The weatherman just kept upping his predictions for precipitation and cold. At 6 in the morning on the 11th we woke up to 12 inches of the white heavy stuff. The trees were so... burdened they had started to break. These photos are from 6 a.m. before the next 5 inches came.
We shook and banged our shovel and rakes upward to release their burden for it was still snowing heavily. We received at least 5 more inches on Thursday. Besides the Big Horn Mountains, we happened to be the spot where the clouds unloaded their heaviest coat of white. Everyone else had snow but we had at least 17 inches. I don't know about you but it isn't normal for the first snow of the fall to be anything more than a dusting or a couple inches. In fact this is historic.
After Kirk's dad's funeral on Friday the kids, their mom, and I headed back to winter wonderland where I bundled them up and out they went into the snow. The first snowman of the end of summer or is it fall now is Olaf. All the kid's snowmen are now Olaf. Doesn't matter what they look like. Or rather this is a Mrs. Olaf, note the pink waist ribbon. With the fire blazing in the stove and my daughter and I snuggled up next to it laughing, we watched the kids out the back window on their hands and knees crawling in the snow. Wonder what animal they were? Maybe they were mimicking the panicked wildlife. The deer were leaping and running about very much distressed by this white stuff that came wa......y too early. The poor little wild turkeys I can only imagine had a horrible time just keeping their heads above the white wet stuff.

What is the weather predicted to do now, turn warm of course. Yes, 70's and 80"s are in the forecast for the next week. But with a high of mid 30's and a low below 20 F the garden is toast. Just before my family left (we had a family reunion on my side while we were dealing with funeral arrangements for Kirk's dad) they helped to pick the bulk of it. My garage is lined with buckets, a wheelbarrow of squash and pumpkins, and baskets until we can hardly get the car inside. I left the potatoes and the carrots still in the ground but everything else but the dried beans were picked. The countertop has pears and peaches piled high from the Colorado fruit truck to add to the cellar like look. As if we didn't have enough to process, just before the storm hit we rushed in to pick grapes at Kirk's dad's and came home with 2- 5 gallon buckets worth. I'm going to be canning like crazy for a while. That is in between painting the house while it is warm and yes, more company is to arrive tomorrow. Not that we are alone right now. Our oldest daughter is here and will leave tomorrow just before friends from the east arrive. But more about company later.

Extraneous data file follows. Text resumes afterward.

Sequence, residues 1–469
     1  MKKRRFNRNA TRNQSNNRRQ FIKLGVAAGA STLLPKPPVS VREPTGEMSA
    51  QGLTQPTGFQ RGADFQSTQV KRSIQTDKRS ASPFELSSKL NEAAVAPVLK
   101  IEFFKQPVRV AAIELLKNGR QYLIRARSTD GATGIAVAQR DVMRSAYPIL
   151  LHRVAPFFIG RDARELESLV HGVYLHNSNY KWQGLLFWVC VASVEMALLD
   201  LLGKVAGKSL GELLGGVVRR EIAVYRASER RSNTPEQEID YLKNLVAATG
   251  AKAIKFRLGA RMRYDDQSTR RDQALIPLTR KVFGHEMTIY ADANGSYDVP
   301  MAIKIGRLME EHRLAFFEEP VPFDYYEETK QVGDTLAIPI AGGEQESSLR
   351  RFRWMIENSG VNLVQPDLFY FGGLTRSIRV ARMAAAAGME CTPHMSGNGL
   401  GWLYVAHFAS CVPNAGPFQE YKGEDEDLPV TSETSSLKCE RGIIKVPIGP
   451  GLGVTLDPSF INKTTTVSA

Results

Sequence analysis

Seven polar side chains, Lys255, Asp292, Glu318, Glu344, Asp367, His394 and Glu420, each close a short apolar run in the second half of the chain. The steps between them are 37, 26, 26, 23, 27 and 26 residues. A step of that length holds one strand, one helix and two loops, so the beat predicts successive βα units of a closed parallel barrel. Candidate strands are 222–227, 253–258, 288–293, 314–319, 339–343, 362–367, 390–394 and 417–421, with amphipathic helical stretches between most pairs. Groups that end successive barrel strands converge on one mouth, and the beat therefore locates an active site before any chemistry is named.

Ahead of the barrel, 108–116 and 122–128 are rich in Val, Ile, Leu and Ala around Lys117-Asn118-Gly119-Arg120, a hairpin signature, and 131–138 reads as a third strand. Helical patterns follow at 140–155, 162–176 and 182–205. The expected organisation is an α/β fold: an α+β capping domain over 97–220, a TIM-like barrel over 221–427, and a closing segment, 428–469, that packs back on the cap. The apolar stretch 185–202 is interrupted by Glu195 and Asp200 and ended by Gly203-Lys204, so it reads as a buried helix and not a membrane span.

The dried beans just weren't ready in the garden. Why would they be when summer was so late in coming, we had no real spring, and winter arrived early even if it was for a brief few days? My hope is the blanket of heavy snow will protect them enough so that they will continue to produce. It might be wishful thinking but we shall see after the snow has melted today. We are to be 55. My sisters advised letting a light frost sweeten the apples on the trees but we never got a light frost. We picked in fear of the apples freezing on the trees. The trees were so laden with apples that some of the branches had begun to break. imagine what the 17 inches of snow would have done to a already burdened tree, bye bye, apple trees.

Thank you for your patience in waiting for my return. It still is going to be a rough going as we have more tough days ahead but I'm going to do my best to keep blogs coming. I've got lots of photos and stories to share. I've started a couple gallons of vinegar and wishing I had more stopper things for the tops of my gallon jars. I'm starting a new culture of sour dough today from grapes. My old one isn't happy at all and I'm not sure I'll be able to rescue it. Once again for those who have stuck with me I'm praying in a week quieter days are ahead. Not sure how much more of this I can take before I break.

Saturday, August 30, 2014

Taking a Break